Royal Commission on Labour in India: Report(1929)||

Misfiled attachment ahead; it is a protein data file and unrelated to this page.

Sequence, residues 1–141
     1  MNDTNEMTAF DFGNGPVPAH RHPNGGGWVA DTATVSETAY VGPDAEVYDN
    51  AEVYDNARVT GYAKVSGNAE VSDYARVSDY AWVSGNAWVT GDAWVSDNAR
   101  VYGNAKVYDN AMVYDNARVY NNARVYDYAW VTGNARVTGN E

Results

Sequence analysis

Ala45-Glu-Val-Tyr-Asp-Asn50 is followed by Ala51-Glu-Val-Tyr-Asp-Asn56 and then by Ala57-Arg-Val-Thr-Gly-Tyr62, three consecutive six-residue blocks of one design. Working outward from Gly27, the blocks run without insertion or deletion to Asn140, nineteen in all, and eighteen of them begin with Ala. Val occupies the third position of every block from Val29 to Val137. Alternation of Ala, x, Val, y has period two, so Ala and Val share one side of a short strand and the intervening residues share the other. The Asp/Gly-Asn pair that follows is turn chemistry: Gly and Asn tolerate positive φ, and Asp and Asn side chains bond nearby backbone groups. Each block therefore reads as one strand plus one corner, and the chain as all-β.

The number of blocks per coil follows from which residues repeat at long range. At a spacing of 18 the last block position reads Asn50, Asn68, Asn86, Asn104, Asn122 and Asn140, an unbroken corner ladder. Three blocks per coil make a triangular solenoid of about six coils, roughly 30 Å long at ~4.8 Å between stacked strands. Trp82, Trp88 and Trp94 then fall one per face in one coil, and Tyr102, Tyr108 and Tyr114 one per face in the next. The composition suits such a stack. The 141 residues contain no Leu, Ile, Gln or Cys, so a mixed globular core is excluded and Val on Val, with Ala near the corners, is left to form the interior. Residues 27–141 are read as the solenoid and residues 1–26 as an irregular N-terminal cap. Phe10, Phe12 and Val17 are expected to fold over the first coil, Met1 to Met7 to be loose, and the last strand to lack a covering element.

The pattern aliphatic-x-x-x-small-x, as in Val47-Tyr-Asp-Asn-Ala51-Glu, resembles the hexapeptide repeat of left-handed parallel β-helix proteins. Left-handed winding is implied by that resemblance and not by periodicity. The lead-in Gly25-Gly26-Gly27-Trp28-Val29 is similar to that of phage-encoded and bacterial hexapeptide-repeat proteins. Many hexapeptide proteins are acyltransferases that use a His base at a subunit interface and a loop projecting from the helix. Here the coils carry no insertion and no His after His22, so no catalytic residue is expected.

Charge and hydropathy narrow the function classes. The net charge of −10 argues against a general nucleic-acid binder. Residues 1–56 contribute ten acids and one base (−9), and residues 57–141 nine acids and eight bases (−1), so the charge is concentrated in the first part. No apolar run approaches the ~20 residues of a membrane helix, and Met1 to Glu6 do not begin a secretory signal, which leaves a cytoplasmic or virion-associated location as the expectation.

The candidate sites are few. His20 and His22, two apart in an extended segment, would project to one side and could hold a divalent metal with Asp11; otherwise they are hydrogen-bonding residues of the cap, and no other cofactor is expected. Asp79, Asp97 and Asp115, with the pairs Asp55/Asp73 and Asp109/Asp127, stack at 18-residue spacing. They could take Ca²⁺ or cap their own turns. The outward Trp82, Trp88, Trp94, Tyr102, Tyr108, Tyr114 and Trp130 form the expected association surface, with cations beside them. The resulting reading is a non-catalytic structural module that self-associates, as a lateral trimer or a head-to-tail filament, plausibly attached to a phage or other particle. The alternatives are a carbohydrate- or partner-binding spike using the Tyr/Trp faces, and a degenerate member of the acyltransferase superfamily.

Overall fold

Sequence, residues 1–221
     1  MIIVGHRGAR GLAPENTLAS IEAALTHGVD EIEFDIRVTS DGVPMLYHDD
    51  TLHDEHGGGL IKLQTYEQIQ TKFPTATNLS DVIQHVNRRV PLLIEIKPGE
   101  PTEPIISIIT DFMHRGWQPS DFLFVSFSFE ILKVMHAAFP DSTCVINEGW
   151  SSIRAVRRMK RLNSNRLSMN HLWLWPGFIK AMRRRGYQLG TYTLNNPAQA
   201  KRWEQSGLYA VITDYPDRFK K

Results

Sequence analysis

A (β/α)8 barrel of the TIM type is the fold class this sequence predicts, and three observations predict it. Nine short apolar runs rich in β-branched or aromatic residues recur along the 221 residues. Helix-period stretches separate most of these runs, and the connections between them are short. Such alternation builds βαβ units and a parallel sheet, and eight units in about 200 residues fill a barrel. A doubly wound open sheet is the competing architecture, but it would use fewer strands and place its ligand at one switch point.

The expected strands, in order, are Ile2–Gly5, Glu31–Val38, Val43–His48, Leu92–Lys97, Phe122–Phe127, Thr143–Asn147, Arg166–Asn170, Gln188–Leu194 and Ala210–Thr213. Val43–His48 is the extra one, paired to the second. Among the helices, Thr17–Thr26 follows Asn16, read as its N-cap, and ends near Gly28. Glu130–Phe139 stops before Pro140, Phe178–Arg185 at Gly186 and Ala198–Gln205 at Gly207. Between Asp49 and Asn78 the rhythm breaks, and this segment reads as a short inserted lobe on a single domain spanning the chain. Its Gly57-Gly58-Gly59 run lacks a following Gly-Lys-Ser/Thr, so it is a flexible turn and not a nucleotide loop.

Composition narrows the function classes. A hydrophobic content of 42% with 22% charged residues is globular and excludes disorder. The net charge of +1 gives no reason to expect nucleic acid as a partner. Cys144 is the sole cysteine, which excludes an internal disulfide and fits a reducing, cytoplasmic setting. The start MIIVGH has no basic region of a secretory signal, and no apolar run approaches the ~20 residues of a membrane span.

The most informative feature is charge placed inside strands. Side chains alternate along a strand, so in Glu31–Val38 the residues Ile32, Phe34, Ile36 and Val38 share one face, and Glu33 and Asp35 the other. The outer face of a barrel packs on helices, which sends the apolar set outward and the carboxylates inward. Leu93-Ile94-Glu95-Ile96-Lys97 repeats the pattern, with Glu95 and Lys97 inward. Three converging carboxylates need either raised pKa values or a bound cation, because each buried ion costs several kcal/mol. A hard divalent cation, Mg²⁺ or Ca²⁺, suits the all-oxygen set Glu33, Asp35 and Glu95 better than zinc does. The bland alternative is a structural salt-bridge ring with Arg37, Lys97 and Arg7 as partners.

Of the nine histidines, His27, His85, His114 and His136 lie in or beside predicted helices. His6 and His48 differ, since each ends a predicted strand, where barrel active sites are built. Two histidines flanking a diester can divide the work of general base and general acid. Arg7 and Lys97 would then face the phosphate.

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The exclusion of infants from the premises of seasonal factories has caused some difficulty. This mainly concerns ginneries, though other industries are also involved. In one province an order made by the factory inspection department, excluding infants from ginneries but permitting their presence in ginnery compounds, appears to have been largely successful. But in another province, two similar orders, issued in 1924 and 1926, had to be withdrawn on the ground that they could not be enforced without driving some of the women out of employment. This is due to the lack of shelter elsewhere; than in the factory for the children of working women. It is not reasonable to require the owners of small factories situated in rural areas and open for a part of the year only to install creches in the accepted sense of the term. But where women are employed in any process creating an impure atmosphere, the factory owner should be required to set up for their infants some temporary shelter in the compound. If a sufficient number of children is involved, a woman not employed within the factory could exercise the required supervision. The necessary provision could take the form of a welfare order of the kind recommended in the preceding chapter. In this regard there is considerable scope for women inspectors, not so much in the actual day-to-day enforcement as in the evolving of suitable methods of surmounting obstacles of this kind with which the factory labour of women in tropical countries is still beset.